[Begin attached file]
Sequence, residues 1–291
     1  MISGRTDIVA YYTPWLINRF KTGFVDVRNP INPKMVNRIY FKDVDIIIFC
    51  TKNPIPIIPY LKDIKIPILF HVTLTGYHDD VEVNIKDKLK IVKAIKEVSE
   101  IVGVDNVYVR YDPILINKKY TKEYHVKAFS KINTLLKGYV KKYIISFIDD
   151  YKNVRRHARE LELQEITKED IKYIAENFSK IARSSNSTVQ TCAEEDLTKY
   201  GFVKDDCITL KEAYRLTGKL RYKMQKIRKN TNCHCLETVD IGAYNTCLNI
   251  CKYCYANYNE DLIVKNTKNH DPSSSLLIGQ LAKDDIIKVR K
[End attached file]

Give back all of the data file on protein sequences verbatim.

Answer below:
Sequence, residues 1–291
     1  MISGRTDIVA YYTPWLINRF KTGFVDVRNP INPKMVNRIY FKDVDIIIFC
    51  TKNPIPIIPY LKDIKIPILF HVTLTGYHDD VEVNIKDKLK IVKAIKEVSE
   101  IVGVDNVYVR YDPILINKKY TKEYHVKAFS KINTLLKGYV KKYIISFIDD
   151  YKNVRRHARE LELQEITKED IKYIAENFSK IARSSNSTVQ TCAEEDLTKY
   201  GFVKDDCITL KEAYRLTGKL RYKMQKIRKN TNCHCLETVD IGAYNTCLNI
   251  CKYCYANYNE DLIVKNTKNH DPSSSLLIGQ LAKDDIIKVR K